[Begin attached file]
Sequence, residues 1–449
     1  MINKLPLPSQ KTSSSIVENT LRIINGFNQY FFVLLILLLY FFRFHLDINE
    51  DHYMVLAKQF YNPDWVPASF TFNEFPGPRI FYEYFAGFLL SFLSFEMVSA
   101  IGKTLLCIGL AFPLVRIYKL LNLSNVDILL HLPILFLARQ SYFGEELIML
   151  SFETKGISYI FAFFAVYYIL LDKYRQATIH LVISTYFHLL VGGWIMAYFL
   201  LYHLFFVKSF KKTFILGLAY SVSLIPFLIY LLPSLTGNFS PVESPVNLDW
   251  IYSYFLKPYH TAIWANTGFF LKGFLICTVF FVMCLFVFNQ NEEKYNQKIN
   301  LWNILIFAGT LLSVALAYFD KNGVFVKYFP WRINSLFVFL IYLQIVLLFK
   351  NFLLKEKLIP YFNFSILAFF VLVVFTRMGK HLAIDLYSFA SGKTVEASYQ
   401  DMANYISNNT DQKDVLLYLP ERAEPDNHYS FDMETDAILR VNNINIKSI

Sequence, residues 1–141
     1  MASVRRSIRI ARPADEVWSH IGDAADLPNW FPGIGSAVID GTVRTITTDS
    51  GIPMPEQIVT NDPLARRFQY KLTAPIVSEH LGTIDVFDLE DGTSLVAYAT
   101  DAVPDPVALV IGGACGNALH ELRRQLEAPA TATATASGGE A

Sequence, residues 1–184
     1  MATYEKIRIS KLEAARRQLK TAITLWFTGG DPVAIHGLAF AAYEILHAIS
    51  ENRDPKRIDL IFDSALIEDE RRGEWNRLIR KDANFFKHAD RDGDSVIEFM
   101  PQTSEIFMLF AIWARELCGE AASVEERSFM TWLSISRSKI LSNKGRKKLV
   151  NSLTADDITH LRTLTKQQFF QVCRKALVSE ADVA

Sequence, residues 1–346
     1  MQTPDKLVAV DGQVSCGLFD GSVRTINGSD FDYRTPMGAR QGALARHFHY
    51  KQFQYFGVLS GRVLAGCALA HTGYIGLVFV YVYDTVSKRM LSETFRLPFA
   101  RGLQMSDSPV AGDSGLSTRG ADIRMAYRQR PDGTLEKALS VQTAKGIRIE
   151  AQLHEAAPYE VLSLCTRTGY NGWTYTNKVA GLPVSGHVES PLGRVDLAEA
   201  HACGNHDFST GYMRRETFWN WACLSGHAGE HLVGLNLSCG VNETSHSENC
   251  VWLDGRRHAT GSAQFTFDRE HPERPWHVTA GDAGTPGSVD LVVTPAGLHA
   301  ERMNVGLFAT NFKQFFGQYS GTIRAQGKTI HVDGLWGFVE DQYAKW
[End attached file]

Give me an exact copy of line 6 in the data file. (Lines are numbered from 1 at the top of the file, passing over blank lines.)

   201  LYHLFFVKSF KKTFILGLAY SVSLIPFLIY LLPSLTGNFS PVESPVNLDW